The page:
Despite its boxy profile and ultra-white Brazilian granite cladding, which project a sense of hefty permanence, the Aga Khan Museum is all about light. You notice this as soon as you arrive at the 6.8-hectare complex in the north end of Toronto. The canted walls catch and reflect the sun, casting hard-edged shadows with graphic clarity. Designed by Japanese architect and Pritzker Prize winner Fumihiko Maki, the 11,500-square-metre building is one of three remarkable creations completed on the site last year. Joining it is the Ismaili Centre, by Mumbai architect Charles Correa, along with a garden of reflective pools by Lebanese-Serbian landscape architect Vladimir Djurovic.
Light, though, is not strictly used for optical effect. It also creates a visual metaphor that radiates throughout all three projects. In the museum, 12-metre-high curtain walls make up a central atrium, etched in an Islamic-inspired mashrabiya pattern. During the day, the geometry draws intricate, roving shadows across the white walls and heated limestone floors; in the upper galleries, meanwhile, hexagonal skylights allow glimpses of blue sky. Commissioned by His Highness the Aga Khan, the spiritual leader of the world’s disparate Shia Ismaili Muslim population, the museum is intended as a place for all faiths and an institution that brings Islamic culture to the western world.
A 20-minute drive from downtown Toronto, surrounded by nondescript office parks and mid-rise condos, the site is actually at the centre of one of North America’s most diverse and densely populated regions, with over eight million residents within a 160-kilometre radius. Moreover, it is highly visible. Alongside the Don Valley Parkway, the museum’s flat roof and the Ismaili Centre’s faceted glass dome can be seen beyond a grassy rise, like beacons to the tens of thousands of people who drive by each day.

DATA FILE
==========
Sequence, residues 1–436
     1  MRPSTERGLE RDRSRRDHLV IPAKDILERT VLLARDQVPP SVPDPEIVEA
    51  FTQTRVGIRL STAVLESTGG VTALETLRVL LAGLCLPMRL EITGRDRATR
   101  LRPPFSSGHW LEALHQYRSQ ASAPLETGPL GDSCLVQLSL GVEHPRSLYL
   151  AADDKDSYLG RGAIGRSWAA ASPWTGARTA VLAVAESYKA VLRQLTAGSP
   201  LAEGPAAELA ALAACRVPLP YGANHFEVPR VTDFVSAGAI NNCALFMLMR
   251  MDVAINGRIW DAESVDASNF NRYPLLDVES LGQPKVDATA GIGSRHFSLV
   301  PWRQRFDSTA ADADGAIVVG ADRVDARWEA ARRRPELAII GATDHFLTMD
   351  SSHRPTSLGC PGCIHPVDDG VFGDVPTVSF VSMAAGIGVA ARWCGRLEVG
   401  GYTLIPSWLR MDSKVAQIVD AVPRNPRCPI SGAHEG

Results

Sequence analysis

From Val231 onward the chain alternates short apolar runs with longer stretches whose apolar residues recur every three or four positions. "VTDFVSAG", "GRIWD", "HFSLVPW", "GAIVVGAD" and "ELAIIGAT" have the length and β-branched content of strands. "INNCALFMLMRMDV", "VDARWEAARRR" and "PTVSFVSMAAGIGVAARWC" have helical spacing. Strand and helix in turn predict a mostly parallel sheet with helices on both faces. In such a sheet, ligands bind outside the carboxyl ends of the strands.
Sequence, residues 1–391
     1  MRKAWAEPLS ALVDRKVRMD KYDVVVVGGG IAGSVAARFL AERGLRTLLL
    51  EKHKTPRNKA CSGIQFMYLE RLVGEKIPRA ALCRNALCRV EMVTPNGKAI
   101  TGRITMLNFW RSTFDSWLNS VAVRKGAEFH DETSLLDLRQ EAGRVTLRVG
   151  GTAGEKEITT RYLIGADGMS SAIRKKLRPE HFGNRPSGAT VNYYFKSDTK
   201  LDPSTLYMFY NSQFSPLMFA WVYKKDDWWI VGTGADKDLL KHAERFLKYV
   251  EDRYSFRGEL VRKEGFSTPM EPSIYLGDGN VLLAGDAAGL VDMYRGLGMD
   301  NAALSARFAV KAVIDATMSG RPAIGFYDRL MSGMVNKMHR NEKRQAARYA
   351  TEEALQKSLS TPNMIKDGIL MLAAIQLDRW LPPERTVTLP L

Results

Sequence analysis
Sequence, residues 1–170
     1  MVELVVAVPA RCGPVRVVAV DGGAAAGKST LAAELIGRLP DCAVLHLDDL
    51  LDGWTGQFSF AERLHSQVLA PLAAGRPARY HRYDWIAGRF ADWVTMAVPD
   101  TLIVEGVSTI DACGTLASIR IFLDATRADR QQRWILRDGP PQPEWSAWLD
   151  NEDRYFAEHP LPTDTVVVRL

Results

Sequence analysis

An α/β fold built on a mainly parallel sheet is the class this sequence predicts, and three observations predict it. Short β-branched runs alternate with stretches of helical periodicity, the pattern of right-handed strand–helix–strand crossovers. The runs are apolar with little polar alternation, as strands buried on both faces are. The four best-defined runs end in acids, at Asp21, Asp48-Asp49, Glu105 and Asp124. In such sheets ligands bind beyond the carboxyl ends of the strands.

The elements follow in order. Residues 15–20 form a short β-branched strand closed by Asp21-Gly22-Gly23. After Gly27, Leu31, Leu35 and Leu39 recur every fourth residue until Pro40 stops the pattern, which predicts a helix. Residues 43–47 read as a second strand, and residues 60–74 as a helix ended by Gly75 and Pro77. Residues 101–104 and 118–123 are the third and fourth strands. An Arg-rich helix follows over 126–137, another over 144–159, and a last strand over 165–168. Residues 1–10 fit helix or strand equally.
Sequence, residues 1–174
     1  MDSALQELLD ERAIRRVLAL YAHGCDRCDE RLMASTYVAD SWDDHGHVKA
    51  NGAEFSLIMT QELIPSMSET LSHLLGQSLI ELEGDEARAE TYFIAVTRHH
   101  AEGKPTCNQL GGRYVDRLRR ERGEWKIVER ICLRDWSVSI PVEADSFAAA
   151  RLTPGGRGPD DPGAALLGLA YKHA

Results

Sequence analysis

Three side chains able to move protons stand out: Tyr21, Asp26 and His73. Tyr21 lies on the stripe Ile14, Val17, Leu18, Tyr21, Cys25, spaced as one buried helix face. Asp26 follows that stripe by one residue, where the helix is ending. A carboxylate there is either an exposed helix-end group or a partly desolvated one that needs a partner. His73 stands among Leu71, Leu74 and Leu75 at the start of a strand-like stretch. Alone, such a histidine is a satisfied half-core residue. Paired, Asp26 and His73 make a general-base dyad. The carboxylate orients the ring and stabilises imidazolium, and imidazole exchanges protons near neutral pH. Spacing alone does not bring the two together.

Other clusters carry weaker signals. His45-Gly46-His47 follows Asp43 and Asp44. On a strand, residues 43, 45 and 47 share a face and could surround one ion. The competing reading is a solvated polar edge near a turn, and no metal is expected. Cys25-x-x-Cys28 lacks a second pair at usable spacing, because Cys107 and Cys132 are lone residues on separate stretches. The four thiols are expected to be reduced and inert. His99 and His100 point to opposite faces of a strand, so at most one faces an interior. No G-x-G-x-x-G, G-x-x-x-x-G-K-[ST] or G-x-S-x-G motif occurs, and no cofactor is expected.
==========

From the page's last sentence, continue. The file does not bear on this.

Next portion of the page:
The grounds could easily feel overwhelming, but Djurovic’s gardens expertly balance proportions. Five black granite reflecting pools, which rise to about knee height, have wafer-thin cascades of water flowing along their perimeters. It was a major challenge to make each pool perfectly level, to maintain an even flow; settlement, harsh frosts and thaw cycles were the main concerns. “We poured the structures at a very early stage,” says Djurovic, “to allow them to settle for over a year before finishing the details.” Interspersed between the pools are groves of allegheny serviceberry trees, and clipped hedges surround the formal garden. The whooshing traffic noise of the nearby highway is replaced by the more meditative sound of gravel crunching underfoot.
Not every guest will visit the manicured grounds for a first experience – many will drive directly into the underground garage – but the introduction will be just as transcendent. The garage is linked to a long ramped hallway, with a ceiling painted navy blue and flecked with gold. It ends at a small room wrapped in black granite, which feels dark and compressive. Visitors ascend a flight of stairs before stepping into the museum’s main atrium, where the eye is drawn up and out to the sky.